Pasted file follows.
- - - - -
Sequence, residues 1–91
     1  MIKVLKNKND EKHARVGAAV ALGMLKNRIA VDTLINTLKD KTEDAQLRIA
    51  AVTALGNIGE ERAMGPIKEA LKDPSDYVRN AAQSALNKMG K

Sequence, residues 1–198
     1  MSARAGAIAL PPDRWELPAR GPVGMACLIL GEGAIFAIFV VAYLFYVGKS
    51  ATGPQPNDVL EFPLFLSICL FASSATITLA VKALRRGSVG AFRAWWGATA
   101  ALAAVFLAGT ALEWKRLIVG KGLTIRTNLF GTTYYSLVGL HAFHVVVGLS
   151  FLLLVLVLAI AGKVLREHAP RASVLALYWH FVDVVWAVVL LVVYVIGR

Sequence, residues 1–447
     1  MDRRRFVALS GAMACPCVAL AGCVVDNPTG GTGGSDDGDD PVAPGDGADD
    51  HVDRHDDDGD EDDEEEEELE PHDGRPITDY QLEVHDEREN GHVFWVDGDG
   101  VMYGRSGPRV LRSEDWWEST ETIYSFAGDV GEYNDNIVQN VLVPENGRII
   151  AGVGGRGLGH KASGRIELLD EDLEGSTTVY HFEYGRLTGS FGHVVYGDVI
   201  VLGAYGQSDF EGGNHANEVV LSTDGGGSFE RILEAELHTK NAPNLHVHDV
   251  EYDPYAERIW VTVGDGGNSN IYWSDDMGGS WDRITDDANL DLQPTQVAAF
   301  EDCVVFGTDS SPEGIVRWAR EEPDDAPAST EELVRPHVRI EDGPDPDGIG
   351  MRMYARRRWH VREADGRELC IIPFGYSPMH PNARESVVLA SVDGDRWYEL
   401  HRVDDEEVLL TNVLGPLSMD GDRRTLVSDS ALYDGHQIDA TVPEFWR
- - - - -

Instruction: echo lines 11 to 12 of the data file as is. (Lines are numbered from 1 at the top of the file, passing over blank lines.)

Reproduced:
    51  HVDRHDDDGD EDDEEEEELE PHDGRPITDY QLEVHDEREN GHVFWVDGDG
   101  VMYGRSGPRV LRSEDWWEST ETIYSFAGDV GEYNDNIVQN VLVPENGRII